Wednesday, September 24, 2014

Haunted Catalina

Avalon Bay
This island is just off the the coast of southern California, near Long Beach.

Its first inhabitants were the Gabrielino Indians that arrived at this location around 500 B.C. The island provided them with an abundance of fish in the clear waters just offshore.

The plentiful fish also attracted sea otters to the Avalon Bay.

In 1811, Russian fur traders from Alaska slaughtered many of these sea otters for their sleek fur. When the local Indians objected, the Russians killed them as well.

In 1542, a Spanish explorer, Juan Cabrillo discovered the island--he named it Santa Catalina or Saint Catherine.

Juan Cabrillo
The islands close proximity to the mainland--it is just 21 miles across the channel to reach Catalina from Long Beach--made an ideal location for smugglers.

These illegal traders often fought among themselves, which resulted in more deaths in the area.

In 1863, during the Gold Rush, greedy miners extended tunnels under the seabed in their quest for gold. Many of these tunnels collapsed and flooded with water. The result was even more deaths.

The island is haunted today partly because of its violent past.

The ghosts of murdered Indians, smugglers, and gold miners have all been seen or heard on or near Catalina.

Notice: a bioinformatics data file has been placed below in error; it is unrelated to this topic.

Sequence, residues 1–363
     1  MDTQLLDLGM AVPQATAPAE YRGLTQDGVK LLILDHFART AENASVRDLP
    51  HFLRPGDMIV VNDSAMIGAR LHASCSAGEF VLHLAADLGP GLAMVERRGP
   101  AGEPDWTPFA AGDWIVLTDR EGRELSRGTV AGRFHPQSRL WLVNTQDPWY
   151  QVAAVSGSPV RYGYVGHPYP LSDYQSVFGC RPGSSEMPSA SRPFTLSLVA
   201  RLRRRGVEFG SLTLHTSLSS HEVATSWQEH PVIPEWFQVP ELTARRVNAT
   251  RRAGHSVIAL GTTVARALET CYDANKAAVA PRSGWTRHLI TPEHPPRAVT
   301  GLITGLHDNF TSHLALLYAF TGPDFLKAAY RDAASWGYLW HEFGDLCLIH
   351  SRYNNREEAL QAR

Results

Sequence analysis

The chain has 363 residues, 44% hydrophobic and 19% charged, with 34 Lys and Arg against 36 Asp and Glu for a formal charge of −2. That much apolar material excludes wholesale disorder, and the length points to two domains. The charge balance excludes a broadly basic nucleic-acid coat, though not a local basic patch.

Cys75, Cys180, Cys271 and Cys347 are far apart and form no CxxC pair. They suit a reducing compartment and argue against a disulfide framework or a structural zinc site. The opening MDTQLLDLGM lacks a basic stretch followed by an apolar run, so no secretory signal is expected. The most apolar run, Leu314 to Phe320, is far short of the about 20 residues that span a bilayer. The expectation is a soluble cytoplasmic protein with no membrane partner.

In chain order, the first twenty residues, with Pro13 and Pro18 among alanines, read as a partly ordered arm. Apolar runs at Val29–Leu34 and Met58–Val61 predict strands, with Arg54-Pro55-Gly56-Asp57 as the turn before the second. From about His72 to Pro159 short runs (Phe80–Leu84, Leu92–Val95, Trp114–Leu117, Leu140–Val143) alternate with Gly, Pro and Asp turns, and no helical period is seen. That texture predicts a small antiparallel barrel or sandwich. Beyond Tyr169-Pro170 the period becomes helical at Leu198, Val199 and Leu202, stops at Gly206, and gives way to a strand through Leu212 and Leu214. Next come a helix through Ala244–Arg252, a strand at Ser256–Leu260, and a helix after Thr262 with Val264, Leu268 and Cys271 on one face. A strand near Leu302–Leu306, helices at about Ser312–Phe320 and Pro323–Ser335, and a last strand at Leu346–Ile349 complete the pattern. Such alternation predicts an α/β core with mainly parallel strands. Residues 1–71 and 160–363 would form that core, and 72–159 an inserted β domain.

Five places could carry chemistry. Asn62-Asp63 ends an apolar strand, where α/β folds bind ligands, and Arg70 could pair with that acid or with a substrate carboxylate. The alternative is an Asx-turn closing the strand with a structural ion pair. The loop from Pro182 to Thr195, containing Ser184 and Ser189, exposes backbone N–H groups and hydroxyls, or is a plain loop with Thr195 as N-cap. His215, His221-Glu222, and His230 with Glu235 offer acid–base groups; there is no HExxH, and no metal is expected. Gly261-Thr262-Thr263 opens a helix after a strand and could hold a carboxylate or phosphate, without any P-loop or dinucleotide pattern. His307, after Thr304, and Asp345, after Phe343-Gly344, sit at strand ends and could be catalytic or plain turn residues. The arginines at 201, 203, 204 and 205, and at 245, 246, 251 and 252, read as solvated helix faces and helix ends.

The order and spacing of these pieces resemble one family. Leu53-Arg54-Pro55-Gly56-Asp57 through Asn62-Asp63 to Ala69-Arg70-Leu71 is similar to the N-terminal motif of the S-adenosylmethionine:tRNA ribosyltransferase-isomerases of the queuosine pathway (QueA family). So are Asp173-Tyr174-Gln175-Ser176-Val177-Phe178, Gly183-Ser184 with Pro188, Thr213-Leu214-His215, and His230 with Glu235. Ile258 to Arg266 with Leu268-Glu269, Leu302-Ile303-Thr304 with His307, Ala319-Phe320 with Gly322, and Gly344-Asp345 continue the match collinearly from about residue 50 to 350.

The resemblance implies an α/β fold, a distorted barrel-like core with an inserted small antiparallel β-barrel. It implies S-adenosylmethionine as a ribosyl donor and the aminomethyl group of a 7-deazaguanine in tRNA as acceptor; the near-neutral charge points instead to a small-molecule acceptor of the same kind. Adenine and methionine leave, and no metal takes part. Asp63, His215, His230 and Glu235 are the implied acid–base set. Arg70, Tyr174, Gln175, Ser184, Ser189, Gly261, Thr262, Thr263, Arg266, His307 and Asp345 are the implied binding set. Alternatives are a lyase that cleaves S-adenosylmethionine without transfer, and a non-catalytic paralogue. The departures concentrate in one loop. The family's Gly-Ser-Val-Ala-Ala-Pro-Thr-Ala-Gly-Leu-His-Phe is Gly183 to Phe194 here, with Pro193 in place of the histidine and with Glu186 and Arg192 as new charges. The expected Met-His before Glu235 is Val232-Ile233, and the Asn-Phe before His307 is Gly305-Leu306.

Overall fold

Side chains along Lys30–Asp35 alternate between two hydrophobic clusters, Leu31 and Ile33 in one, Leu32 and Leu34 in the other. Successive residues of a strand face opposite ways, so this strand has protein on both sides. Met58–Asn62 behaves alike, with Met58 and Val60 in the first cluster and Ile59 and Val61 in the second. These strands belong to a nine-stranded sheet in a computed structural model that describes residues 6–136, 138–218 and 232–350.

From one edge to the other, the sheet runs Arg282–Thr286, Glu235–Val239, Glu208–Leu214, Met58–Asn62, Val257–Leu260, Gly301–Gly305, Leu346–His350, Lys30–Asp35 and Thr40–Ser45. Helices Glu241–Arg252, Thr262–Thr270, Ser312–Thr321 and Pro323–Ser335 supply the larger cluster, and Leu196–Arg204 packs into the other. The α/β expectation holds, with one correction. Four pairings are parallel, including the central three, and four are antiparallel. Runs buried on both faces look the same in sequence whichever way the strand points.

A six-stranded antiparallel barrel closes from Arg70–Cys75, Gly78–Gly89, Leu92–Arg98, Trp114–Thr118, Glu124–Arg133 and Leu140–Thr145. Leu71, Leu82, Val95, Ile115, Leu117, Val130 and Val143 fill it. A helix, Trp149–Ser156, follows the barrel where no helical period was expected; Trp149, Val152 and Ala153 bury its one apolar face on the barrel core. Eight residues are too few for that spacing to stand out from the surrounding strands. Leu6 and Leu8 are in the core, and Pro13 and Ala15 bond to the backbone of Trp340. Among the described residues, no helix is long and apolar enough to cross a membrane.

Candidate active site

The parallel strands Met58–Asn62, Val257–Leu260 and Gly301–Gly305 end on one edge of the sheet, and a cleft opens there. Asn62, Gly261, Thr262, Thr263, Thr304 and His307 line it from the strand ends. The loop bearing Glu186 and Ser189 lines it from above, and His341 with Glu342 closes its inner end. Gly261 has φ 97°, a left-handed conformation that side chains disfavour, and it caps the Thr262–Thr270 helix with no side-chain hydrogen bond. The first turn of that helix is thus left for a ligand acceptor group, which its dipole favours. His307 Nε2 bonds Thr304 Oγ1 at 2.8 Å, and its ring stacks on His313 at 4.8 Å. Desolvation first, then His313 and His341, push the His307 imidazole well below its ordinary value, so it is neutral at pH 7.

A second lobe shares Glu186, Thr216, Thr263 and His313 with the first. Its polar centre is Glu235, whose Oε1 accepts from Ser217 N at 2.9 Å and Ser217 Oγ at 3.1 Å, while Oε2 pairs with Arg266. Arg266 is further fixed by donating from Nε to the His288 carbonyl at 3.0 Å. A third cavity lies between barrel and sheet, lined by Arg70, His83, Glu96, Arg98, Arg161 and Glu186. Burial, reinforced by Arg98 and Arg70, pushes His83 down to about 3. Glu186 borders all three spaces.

Indians have been known to materialize in the hills behind the town of Avalon. They are seen standing quietly shoulder-to-shoulder. They stare out to sea. Some feel they await the return of the Russians that murdered them.

Boaters in the vicinity of Catalina Island, over the years, has reported catching a glimpse of a mysterious sloop at dawn or dusk. This craft flies no flag and has no running lights. Some feel it carries the phantoms of smugglers.

Scuba divers while exploring the underwater gardens near the island have reported hearing the eerie screams of the miners trapped by the collapsed gold-mine tunnels.

There are two ghosts seen on Catalina that achieved fame while alive.

The first is William Wrigley, Jr. Wrigley made his fortune from manufacturing and selling chewing gum. Catalina’s isolation and charm so enthralled him at one point he bought the whole island.

Wrigley home on Catalina
His ghost materializes at his grand house at the head of Avalon Canyon. People state this entity is easy to identify, for he is always seen-- chewing gum.

The second ghost seen is of Natalie Wood. An actress who first gained fame as a child in the film, Miracle of 34th Street. She later starred in such hits as Rebel without a Cause and West Side Story.

One evening as her yacht was anchored off Catalina, she either attempted to dive overboard or fell off the deck. She plunged headfirst into a dinghy, tied alongside, which killed her instantly.

Her ghost is seen strolling along a nearby beach. Some witnesses have stated she was unclothed. When the accident * occurred, she was supposedly naked.

*  There has been much speculation since her death--that it actually was not an accident.

I talk about another California ghost seen on Coronado Island here. This female ghost is seen at the world-famous Hotel del Coronado.

No comments: